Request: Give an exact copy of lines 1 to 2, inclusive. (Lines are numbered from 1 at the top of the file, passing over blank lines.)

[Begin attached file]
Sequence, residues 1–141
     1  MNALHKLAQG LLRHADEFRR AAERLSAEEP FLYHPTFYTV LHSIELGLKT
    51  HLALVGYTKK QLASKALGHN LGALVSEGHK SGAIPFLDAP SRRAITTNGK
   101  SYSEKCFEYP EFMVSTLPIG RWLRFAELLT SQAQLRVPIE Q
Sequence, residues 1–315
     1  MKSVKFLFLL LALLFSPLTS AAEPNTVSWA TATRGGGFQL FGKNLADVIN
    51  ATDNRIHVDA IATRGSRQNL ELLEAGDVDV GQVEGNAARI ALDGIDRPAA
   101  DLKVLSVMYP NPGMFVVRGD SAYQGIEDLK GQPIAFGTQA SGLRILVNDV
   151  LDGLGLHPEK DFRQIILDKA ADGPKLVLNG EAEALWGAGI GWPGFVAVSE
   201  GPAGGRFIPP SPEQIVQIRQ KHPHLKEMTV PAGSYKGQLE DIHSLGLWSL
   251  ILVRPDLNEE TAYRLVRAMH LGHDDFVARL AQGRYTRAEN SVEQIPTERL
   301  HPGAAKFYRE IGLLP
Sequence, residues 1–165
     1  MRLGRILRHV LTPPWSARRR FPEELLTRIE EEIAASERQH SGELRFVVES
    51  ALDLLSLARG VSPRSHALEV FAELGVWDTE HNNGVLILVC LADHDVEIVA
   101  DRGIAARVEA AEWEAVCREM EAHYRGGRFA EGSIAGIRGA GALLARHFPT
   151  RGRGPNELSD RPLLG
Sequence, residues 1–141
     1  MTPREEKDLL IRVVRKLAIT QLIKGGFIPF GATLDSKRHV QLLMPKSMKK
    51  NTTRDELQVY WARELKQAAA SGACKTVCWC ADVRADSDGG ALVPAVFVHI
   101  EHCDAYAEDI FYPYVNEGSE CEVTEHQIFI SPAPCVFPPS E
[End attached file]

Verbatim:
Sequence, residues 1–141
     1  MNALHKLAQG LLRHADEFRR AAERLSAEEP FLYHPTFYTV LHSIELGLKT